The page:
This same feeling, which had sent Giulia off in a hurry to her chamber, manifested itself in la sposa in care for the reputation of her kitchen. It was supremely displeasing to her that a stranger from the city should arrive thus unannounced a few minutes only before the dinner hour. If she could have got warning in time, she would have sent into Fano for delicacies of all sorts. If there was no time for that, she would have ransacked the neighbouring villages. But here she was left to make the best figure she could entirely on her own resources. And she had no doubt that the townsman thus managed that his visit should be wholly unannounced, for the express purpose of triumphing over her unprovidedness. That he might himself be hungry and like a good dinner, and be pleased at getting one at Bella Luce, never occurred to her as a possible phase of the matter. It shaped itself to her mind as a contest between town and country, in which the townsman’s object would be attained, and his vanity gratified at the expense of hers, in proportion to the poorness of the fare set before him. For to an Italian the gratification of an appetite is a small matter in comparison with the gratification of a vanity.
So la sposa, much and deeply grumbling between her teeth, set herself to do all that could be done at so short a notice.
“Carlo,” she said to her second son, as he came in from the field, “run quick to his reverence, and tell him to come and take a bit of dinner with us, and ask la Nunziata (the priest’s housekeeper) to send me a pot of her quince preserve, and some biscuits,—quick.”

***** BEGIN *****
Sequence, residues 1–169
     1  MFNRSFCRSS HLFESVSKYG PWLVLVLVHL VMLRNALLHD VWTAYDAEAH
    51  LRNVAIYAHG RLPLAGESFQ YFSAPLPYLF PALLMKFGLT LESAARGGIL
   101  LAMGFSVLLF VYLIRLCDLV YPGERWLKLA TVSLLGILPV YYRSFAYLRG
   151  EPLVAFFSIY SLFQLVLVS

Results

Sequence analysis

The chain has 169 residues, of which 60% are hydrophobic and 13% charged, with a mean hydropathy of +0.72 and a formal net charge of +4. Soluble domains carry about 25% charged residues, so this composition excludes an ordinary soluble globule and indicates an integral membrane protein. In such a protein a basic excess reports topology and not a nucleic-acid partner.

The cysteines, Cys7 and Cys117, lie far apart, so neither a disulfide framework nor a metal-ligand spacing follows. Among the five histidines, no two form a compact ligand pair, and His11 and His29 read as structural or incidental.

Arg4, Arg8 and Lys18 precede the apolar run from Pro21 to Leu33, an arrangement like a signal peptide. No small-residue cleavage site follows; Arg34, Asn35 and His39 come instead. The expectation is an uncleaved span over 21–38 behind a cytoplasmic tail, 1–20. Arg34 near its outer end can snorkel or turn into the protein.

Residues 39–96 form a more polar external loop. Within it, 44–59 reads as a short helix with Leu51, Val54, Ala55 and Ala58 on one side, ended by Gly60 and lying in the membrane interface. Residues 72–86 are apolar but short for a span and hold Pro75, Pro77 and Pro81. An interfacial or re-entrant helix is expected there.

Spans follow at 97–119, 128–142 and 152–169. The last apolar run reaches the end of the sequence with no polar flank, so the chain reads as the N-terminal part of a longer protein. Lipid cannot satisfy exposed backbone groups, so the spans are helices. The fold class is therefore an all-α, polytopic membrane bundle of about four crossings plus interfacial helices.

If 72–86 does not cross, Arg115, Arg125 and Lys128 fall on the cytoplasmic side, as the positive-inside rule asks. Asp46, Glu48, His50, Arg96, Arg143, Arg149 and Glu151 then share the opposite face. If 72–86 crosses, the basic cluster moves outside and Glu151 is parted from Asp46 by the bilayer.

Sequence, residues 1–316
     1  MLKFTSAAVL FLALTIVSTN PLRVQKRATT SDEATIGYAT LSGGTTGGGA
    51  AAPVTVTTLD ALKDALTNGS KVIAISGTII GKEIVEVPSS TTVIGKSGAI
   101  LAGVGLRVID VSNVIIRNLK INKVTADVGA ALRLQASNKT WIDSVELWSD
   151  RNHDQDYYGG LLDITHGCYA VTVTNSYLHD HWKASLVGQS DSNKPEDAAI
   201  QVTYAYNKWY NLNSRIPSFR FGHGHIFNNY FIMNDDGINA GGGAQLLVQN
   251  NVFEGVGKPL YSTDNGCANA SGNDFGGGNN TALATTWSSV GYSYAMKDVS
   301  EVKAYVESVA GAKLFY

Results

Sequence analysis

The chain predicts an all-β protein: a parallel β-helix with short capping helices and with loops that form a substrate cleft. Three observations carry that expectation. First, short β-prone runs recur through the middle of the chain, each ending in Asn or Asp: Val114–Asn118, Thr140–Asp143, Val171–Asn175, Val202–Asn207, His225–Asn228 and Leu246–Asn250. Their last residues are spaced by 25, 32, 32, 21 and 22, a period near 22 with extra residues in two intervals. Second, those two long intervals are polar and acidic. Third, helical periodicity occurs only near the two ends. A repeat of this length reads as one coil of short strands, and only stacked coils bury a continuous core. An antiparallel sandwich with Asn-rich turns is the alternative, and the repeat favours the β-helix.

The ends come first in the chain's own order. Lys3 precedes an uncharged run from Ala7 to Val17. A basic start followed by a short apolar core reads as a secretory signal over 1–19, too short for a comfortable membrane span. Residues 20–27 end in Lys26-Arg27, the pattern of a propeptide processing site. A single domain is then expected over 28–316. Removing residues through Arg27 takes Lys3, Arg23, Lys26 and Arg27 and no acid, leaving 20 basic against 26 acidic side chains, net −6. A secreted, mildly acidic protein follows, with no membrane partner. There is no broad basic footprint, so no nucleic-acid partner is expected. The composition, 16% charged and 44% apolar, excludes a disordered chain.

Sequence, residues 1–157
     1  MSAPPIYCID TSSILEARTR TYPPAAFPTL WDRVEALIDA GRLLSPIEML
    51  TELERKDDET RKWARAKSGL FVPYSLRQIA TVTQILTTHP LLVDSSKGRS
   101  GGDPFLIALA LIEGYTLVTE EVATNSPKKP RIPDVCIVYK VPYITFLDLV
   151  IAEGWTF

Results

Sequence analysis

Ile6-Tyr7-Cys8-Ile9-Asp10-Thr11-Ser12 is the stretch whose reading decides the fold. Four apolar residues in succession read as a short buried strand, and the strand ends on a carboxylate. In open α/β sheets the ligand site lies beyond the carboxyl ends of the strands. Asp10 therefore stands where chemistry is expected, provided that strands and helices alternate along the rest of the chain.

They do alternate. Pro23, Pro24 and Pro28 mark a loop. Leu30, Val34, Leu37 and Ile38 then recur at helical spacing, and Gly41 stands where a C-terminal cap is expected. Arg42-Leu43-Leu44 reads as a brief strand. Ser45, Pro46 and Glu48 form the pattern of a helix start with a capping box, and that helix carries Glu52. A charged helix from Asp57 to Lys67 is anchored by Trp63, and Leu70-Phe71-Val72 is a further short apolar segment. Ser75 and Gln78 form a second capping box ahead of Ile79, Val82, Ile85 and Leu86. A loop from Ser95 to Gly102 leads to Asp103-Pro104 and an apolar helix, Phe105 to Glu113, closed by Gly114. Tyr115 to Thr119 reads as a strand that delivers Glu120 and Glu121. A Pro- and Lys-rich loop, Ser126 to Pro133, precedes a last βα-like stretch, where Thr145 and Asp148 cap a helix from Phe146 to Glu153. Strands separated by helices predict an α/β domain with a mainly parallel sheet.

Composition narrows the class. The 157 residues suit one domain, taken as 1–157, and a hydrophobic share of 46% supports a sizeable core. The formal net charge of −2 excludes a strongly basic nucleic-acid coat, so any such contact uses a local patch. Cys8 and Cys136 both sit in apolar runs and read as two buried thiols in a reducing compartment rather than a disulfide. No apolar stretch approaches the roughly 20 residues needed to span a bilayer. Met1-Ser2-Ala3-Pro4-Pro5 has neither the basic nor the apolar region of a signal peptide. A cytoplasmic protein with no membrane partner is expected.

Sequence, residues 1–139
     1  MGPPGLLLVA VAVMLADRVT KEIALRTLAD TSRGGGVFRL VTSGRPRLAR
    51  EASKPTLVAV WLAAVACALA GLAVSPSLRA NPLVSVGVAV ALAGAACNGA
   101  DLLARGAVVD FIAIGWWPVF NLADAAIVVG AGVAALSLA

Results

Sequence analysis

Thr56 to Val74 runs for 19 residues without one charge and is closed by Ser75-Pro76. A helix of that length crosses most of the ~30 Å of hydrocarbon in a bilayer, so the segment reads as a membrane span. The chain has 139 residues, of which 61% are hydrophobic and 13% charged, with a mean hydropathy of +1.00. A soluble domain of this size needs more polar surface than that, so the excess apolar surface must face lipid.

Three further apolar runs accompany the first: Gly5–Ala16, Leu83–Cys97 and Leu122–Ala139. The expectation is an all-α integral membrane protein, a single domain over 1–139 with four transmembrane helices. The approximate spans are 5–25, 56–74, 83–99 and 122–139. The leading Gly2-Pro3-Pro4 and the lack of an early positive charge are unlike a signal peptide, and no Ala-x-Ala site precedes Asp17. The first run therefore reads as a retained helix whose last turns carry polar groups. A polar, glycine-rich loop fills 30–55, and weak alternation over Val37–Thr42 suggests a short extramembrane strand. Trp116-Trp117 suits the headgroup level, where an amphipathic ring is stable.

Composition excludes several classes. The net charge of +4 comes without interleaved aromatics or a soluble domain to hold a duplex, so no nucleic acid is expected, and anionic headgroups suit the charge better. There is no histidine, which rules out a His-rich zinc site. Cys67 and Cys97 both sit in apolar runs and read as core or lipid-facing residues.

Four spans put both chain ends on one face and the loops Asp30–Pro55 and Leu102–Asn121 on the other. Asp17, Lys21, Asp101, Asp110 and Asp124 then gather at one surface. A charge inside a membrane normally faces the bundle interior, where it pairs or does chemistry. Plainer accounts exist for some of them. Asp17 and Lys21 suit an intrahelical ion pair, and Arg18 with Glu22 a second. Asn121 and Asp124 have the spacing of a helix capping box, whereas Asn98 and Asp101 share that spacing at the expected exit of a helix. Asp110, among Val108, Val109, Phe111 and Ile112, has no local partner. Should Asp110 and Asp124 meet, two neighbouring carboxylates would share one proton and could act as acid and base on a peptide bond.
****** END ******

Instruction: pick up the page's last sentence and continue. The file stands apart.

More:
It must not be supposed that the priest was invited for the sake of the quince sweetmeats and the biscuits. He and they were equally benefactions to her board, and the priest himself by far the most important of the two. It was respectable and in good style, and perhaps even what Signor Sandro himself could not have accomplished at so short a notice, to have the parish priest at the board. His reverence, on his part, it may be observed, hastened to put on his very best coat and a clean collar, not so much from any personal care about or vanity in such matters, but in order to do honour to Signor Vanni’s board, and to support the country in its contest with the city. That was the feeling of the priest, as it would also have been of any of the neighbours. They were all in one boat, so far as the necessity for hiding the nakedness of their land, and making the best possible appearance in the eyes of the townsman went.